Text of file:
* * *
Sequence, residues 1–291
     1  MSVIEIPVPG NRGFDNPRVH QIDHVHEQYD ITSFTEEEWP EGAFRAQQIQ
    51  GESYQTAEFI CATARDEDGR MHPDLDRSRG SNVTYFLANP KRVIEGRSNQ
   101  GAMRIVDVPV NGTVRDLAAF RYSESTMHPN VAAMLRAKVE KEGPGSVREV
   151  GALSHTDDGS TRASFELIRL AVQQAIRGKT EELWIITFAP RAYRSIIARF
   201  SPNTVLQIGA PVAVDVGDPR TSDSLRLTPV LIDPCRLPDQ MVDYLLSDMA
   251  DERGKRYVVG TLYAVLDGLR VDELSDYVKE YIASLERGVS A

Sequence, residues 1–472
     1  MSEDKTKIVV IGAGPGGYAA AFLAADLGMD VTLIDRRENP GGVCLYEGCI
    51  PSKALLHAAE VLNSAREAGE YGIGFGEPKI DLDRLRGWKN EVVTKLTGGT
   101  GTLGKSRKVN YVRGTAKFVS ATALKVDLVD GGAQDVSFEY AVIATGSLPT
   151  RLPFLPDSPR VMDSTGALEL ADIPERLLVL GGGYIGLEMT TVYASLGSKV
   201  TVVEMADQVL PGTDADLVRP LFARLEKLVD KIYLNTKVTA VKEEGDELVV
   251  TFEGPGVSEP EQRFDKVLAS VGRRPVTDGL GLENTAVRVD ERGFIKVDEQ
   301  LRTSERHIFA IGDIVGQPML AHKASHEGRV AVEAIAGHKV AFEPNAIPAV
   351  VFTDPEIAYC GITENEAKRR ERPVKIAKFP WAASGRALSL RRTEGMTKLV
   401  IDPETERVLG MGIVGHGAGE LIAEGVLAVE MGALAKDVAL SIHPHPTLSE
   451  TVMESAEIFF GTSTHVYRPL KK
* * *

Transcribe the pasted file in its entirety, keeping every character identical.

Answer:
Sequence, residues 1–291
     1  MSVIEIPVPG NRGFDNPRVH QIDHVHEQYD ITSFTEEEWP EGAFRAQQIQ
    51  GESYQTAEFI CATARDEDGR MHPDLDRSRG SNVTYFLANP KRVIEGRSNQ
   101  GAMRIVDVPV NGTVRDLAAF RYSESTMHPN VAAMLRAKVE KEGPGSVREV
   151  GALSHTDDGS TRASFELIRL AVQQAIRGKT EELWIITFAP RAYRSIIARF
   201  SPNTVLQIGA PVAVDVGDPR TSDSLRLTPV LIDPCRLPDQ MVDYLLSDMA
   251  DERGKRYVVG TLYAVLDGLR VDELSDYVKE YIASLERGVS A

Sequence, residues 1–472
     1  MSEDKTKIVV IGAGPGGYAA AFLAADLGMD VTLIDRRENP GGVCLYEGCI
    51  PSKALLHAAE VLNSAREAGE YGIGFGEPKI DLDRLRGWKN EVVTKLTGGT
   101  GTLGKSRKVN YVRGTAKFVS ATALKVDLVD GGAQDVSFEY AVIATGSLPT
   151  RLPFLPDSPR VMDSTGALEL ADIPERLLVL GGGYIGLEMT TVYASLGSKV
   201  TVVEMADQVL PGTDADLVRP LFARLEKLVD KIYLNTKVTA VKEEGDELVV
   251  TFEGPGVSEP EQRFDKVLAS VGRRPVTDGL GLENTAVRVD ERGFIKVDEQ
   301  LRTSERHIFA IGDIVGQPML AHKASHEGRV AVEAIAGHKV AFEPNAIPAV
   351  VFTDPEIAYC GITENEAKRR ERPVKIAKFP WAASGRALSL RRTEGMTKLV
   401  IDPETERVLG MGIVGHGAGE LIAEGVLAVE MGALAKDVAL SIHPHPTLSE
   451  TVMESAEIFF GTSTHVYRPL KK